What ICT can do for work-life balance

Last week the Balance Network organised a one-day conference, Beyond Balance, to bring together researchers, practitioners and industry parties that work in the area of work-life balance and digital technologies. You can find the full program here. The event was organised as an opportunity to showcase and present findings from funded projects on the topic. Because there were two tracks going on, couched by morning and evening keynotes, I was able to attend only half of the sessions, two of which I was involved in. Thoughts and reflections shared below are intended to be a summary of the three themes that emerged across all sessions (I attended, that is) and I took home that day. Together, the three points offer an answer to the question:

What can ICT do for work-life balance?

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Busyness vs. Productivity

Last week, at the Beyond Balance conference, in his closing keynote Oliver Burkeman argued Against Productivity.

He started off framing his views around the popular idea of limitless in time and positive thinking, according to which we can do anything. And as a result, we worship busyness (quoting Tim Kreider’s busy trap), which we can only keep up with if we fail at it. How? Take that email you received last week, and still have not replied to. You know it’s there, you know you should have done something about it, but actually, realistically speaking, your colleague has already emailed someone else to ask for their help, so, yes you failed at replying, but actually you can cross it off the list. Done.

And why are we so busy? Continue reading “Busyness vs. Productivity”

CHI 2014 workshop – Personalised behaviour change technologies

Very excited to present my first PhD publication at CHI2014! It’s a workshop paper, so it will be available online here. The workshop was on Personalised Behaviour Change Technologies and brought together researchers with different backgrounds (anthropology, psychology, computer science). 
A big issue that came up during discussions was trying to define what we mean by ‘personalisation’. Secondly, we discussed whether we should develop technologies that are meant to be used for life, or ones we can graduate from. Other concerns included evaluation methods, design techniques and how behaviour change theories fit into these technologies.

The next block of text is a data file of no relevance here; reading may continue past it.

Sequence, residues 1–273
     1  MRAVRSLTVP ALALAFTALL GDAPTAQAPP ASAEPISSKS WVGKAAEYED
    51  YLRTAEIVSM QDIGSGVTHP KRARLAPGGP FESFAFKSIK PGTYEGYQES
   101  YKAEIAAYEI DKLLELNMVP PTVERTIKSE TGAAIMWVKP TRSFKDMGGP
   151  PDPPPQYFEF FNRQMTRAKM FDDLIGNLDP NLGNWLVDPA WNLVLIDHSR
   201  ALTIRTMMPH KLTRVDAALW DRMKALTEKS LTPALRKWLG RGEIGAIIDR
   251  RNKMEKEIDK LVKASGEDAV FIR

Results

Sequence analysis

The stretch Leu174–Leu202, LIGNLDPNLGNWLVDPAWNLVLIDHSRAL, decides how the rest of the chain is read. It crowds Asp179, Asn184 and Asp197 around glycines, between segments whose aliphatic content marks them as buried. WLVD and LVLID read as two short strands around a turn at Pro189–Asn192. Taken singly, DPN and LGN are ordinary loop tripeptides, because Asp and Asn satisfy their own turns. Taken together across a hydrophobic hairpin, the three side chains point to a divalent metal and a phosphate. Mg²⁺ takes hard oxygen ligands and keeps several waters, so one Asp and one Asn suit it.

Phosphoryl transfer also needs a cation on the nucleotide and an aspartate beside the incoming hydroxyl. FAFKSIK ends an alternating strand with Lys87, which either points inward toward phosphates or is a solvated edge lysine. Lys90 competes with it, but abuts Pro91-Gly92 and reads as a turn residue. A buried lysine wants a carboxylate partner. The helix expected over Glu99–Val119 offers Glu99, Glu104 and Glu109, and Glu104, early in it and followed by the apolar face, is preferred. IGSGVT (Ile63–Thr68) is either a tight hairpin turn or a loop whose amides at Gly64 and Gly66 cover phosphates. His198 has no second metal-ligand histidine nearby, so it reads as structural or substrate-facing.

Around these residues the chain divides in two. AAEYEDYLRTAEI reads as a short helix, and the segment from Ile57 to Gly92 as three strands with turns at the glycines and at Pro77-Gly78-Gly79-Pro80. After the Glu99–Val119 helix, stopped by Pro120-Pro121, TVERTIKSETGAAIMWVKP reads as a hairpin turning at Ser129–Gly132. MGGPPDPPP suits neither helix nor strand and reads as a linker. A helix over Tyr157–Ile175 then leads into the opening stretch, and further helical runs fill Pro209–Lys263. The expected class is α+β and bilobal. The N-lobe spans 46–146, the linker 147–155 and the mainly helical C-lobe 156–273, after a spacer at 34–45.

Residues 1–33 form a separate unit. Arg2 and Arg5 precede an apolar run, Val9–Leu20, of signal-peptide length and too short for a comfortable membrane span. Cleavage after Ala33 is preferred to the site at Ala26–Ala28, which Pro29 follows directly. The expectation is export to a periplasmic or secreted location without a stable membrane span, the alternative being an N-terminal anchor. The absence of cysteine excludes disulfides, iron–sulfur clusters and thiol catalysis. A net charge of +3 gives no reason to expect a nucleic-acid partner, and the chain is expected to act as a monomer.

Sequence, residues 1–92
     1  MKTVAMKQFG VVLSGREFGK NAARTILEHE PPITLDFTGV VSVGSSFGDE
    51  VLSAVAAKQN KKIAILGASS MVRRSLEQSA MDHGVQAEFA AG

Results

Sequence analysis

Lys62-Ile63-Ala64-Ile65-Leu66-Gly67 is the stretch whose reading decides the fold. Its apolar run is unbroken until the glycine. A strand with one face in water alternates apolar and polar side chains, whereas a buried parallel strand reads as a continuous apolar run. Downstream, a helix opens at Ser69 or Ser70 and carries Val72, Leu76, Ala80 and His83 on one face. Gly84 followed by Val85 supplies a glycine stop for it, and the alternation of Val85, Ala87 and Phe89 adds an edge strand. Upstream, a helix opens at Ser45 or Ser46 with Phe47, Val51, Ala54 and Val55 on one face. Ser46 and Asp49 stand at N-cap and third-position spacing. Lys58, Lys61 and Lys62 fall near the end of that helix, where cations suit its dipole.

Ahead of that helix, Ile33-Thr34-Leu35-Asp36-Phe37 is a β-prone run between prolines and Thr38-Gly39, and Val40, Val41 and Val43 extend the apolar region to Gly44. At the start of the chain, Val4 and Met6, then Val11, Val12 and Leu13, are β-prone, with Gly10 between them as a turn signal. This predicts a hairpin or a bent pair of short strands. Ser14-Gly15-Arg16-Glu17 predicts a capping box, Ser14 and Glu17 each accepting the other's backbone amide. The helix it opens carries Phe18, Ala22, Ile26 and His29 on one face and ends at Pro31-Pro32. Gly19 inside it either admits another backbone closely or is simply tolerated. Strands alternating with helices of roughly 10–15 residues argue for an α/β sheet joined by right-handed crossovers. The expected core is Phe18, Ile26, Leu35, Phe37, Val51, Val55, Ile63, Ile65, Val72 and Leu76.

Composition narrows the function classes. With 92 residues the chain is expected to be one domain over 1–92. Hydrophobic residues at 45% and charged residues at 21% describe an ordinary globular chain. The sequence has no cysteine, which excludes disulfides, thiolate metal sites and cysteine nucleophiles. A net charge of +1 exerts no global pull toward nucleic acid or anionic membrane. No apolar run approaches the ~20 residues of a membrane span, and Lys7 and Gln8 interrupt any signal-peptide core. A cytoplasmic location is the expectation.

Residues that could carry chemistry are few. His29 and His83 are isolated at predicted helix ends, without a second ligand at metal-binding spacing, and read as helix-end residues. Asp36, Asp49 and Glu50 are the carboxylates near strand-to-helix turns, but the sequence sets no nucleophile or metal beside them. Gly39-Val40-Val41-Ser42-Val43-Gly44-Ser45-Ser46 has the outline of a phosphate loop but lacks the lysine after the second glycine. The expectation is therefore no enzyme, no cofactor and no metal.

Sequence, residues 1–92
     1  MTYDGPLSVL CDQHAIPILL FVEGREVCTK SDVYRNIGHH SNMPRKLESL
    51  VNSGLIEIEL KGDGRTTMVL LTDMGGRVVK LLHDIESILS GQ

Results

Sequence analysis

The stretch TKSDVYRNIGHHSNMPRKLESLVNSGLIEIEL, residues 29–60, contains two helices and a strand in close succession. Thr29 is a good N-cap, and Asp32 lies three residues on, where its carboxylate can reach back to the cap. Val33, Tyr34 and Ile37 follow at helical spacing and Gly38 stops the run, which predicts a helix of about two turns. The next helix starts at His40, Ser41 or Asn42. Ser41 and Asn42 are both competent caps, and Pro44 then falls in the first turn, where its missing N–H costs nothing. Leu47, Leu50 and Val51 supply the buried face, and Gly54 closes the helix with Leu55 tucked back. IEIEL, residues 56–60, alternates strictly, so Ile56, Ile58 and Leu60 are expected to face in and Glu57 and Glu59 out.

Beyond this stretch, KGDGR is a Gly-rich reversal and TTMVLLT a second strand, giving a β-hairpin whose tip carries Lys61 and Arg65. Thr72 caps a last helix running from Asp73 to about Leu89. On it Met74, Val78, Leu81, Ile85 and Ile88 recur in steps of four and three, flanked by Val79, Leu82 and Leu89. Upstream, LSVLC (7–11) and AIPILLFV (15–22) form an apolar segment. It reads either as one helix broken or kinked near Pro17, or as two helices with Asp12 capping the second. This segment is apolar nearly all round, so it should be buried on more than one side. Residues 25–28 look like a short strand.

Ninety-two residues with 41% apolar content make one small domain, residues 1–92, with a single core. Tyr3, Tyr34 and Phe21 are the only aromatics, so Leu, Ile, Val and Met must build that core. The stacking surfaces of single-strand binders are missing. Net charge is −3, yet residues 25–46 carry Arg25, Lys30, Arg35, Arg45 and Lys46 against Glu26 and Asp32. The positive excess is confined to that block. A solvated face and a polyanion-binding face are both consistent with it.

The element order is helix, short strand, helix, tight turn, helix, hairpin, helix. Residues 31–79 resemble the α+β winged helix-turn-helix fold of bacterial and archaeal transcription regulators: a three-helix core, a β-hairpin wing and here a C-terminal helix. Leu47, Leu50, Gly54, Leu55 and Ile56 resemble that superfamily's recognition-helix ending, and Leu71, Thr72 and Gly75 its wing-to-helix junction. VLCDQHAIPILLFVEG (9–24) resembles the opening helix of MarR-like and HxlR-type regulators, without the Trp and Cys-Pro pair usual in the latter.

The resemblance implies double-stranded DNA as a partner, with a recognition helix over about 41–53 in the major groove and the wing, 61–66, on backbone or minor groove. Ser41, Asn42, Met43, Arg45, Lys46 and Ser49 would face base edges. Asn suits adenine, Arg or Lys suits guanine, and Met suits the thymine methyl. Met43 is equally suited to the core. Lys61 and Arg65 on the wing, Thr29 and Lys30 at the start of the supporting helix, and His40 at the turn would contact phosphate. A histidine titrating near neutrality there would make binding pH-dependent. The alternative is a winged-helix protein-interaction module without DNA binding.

Hopefully, we will be able to produce a special issue based on our discussions. 
Below you can find the abstract of my paper, wrote together with my supervisors, and the presentation slides. 

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7 networking lessons I learnt at CHI 2014 (aka what I wish I had done)

I just came back from CHI conference (http://chi2014.acm.org/), and after talking with other PhD students I realised what I did wrong when trying to network. If only I had known this stuff before…. oh well, lesson learnt for the next upcoming conference!

1. Don’t aim only for the “big names”.

People that are like rockstars in your field might not have time to chat with you or, if they find a few minutes, they might not still be working on that paper you love citing so much. 

2. Don’t just go for questions at the end of a presentation talk.

Questions are good if you want a specific short answer on the paper they just presented, but it’s more likely that you want to have a long conversation with that person and that’s hardly going to happen at the end of a presentation. Especially cause people want to run off to the next session. 

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ECRC and CHI2013 Conferences

I got accepted as a student volunteer at the first ACM European Computing Research Conference (ECRC) which will be held in Paris between May 2nd and 4th 2013. What is even more exciting, is that it takes place at the same period and in the same venue of CHI2013.

At ECRC2013 there were be four different conferences:

While I was there I was able to attend the last day’s plenary sessions at CHI2013 held by Vint Cerf and I also got to see the poster section at CHI2013, which I found extremely inspiring.

CHI2013 Multitouch Ltd Display Plenary session at CHI2013 Vint Cerf speech